Manufacturers to post nutritional info on packages
Could changing nutrition labels to reflect how we eat rather than how we should be eating help get rid of bad snacking habits?health and fitness Updated: Feb 11, 2010 18:53 IST
Seeking a new weapon in the fight against obesity, the Food and Drug Administration of the United States, wants to encourage manufacturers to post vital nutritional information, including calorie counts, on the front of food packages.
But official serving sizes for many packaged foods are just too small. And that means the calorie counts that go with them are often misleading. How many of us are disciplined snackers who actually stop after eating the exact serving size worth of potato chips?
So the goal now is to give people a jolt of reality before they reach for another handful of munchies.
Misled by serving size
To get ready for front-of-package nutrition labelling, the FDA is now looking at bringing serving sizes for foods like chips, cookies, breakfast cereals and ice cream into line with how people really eat, rather than how much they should be eating. Combined with more prominent labelling, the result could be a greater sense of public caution about unhealthy foods.
“If you put on a meaningful portion size, it would scare a lot of people,” said Barry Popkin, a nutrition professor at the University of North Carolina. “They would see, ‘I’m going to get 300 calories from that, or 500 calories.”’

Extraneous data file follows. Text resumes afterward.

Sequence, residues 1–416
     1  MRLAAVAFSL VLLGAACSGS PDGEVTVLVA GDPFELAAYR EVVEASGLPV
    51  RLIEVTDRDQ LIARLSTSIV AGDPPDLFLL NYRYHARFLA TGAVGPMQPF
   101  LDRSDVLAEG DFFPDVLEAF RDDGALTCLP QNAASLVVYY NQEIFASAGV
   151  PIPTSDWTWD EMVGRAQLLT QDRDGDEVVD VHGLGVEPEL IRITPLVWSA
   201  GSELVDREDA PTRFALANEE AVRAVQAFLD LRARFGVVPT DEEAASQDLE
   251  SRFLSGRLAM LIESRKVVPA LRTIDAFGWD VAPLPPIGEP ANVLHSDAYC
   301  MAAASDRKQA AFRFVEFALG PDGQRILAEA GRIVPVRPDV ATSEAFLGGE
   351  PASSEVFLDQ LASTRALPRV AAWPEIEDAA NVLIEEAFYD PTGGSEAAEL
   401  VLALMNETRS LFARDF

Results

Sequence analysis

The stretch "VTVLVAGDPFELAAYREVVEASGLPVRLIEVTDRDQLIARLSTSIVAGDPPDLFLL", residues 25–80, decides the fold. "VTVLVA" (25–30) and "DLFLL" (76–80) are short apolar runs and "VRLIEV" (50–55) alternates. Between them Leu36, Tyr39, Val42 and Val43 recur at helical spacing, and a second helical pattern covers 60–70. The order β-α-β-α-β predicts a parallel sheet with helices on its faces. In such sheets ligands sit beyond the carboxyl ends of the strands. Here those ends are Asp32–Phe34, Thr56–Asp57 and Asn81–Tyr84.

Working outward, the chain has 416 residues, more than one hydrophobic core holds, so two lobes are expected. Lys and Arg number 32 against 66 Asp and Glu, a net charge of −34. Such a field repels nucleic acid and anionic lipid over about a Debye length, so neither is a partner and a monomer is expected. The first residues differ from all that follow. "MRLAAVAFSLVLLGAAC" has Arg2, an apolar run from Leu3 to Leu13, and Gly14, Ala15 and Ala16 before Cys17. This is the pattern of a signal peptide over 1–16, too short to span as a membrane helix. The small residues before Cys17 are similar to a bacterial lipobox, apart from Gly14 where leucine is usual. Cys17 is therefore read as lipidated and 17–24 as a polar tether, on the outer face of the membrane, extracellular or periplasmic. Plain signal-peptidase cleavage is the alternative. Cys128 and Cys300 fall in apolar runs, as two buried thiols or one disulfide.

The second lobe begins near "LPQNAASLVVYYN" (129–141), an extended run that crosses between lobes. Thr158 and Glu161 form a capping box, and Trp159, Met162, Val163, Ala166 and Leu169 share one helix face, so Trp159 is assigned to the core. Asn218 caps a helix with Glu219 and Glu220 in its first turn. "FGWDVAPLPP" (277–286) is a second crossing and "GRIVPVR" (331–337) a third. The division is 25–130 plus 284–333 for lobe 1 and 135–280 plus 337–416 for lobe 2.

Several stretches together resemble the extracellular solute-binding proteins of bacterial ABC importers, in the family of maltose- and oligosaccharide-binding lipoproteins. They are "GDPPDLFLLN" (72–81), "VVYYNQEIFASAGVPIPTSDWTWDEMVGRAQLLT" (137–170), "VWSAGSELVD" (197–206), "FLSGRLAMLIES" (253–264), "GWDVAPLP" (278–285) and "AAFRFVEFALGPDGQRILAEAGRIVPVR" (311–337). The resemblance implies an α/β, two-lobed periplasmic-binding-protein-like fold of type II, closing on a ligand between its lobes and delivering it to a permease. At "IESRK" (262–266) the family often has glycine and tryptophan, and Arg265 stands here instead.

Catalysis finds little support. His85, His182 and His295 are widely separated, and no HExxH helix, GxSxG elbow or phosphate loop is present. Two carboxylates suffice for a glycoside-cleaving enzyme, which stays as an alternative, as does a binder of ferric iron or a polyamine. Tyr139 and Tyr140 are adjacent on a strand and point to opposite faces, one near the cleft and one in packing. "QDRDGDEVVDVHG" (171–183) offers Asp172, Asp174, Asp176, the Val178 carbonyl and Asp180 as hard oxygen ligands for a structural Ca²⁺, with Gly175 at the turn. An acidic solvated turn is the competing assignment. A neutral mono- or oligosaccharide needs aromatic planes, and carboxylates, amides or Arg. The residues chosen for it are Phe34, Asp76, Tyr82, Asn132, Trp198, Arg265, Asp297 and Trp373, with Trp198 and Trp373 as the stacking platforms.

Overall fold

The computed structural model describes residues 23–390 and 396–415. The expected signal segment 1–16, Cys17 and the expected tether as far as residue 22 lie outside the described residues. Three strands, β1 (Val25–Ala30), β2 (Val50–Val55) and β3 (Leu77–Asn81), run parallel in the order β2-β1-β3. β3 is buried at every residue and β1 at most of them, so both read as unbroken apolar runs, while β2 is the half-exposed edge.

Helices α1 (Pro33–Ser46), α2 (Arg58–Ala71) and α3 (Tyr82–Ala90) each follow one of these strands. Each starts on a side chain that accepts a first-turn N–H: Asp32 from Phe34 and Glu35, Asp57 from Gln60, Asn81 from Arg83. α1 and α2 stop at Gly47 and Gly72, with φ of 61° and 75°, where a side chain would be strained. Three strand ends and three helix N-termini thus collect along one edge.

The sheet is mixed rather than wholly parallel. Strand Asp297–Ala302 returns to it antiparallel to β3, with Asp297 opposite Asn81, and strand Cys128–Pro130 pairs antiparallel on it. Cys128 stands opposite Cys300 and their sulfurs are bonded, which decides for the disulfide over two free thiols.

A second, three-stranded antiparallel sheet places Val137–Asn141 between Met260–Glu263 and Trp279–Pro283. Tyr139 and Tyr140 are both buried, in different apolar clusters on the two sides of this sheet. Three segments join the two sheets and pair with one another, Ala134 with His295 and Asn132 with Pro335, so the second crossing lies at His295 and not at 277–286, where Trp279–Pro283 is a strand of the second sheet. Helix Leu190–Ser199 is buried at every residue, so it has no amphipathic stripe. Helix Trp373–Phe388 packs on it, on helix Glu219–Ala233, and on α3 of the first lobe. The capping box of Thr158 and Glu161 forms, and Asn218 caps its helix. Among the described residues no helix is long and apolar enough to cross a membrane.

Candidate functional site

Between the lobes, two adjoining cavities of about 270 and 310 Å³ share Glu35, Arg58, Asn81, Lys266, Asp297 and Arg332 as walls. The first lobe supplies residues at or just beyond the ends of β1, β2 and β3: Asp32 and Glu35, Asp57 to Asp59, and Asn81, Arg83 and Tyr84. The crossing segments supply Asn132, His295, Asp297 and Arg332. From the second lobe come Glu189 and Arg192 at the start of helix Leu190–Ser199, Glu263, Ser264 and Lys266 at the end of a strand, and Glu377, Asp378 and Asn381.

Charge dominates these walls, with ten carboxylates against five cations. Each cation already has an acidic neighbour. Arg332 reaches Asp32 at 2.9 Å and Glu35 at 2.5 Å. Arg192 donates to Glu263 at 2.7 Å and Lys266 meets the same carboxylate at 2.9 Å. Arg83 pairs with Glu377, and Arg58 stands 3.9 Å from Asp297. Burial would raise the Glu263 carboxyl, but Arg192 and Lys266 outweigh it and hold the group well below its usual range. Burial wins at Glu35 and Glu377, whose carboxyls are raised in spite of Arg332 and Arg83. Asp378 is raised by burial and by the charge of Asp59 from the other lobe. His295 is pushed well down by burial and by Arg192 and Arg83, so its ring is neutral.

The problem is important because the standard serving size shown on a package determines all nutritional values on the label, including calorie counts. If the serving size is smaller than what people really eat — unless they study the label carefully — they may think they are getting fewer calories than they are.
What you really get
“If people don’t understand the serving, whatever number they get for fat or calories is misleading,” said William K. Hubbard, a former FDA official.
Consider the humble chip: most potato chip packs show a 30 g serving size, containing about a tolerable 150 calories. For certain brands, that could translate to just six chips. Now, in the real world, many people might eat two or three times that and take in 1,000 calories.
For ice cream, the serving size is half a cup. For packaged muffins, it is often half a muffin. For most breakfast cereals, a serving is 3/4 cup. But many children probably eat two cups or more. Parents who glance at a box of Frosted Flakes and see that it contains 110 calories per serving may not realise that their children may be getting several times that amount.